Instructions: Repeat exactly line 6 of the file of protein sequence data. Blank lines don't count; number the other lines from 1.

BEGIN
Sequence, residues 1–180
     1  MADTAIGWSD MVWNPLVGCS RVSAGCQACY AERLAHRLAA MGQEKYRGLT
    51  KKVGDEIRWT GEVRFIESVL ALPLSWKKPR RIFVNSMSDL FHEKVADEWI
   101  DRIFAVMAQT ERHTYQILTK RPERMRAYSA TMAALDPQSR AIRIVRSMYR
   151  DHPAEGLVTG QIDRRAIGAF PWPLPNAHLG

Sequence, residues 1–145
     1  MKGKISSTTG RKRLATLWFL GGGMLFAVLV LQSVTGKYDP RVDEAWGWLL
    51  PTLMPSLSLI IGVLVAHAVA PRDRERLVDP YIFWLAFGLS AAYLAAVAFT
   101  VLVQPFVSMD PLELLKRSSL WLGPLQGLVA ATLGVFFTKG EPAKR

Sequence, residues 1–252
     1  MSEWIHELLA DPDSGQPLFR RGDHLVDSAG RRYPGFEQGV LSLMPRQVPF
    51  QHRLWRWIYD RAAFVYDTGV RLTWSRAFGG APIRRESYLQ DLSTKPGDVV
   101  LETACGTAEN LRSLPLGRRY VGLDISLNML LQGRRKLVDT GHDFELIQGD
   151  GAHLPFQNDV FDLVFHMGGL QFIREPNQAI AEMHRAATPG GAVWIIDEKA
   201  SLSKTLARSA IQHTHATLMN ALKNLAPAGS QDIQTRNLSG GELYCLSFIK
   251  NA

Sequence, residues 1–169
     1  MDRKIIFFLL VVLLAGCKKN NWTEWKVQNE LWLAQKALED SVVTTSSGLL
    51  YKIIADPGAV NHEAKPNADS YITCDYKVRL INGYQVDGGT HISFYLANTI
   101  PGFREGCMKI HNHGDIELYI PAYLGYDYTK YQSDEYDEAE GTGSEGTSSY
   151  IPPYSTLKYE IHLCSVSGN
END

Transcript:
Sequence, residues 1–145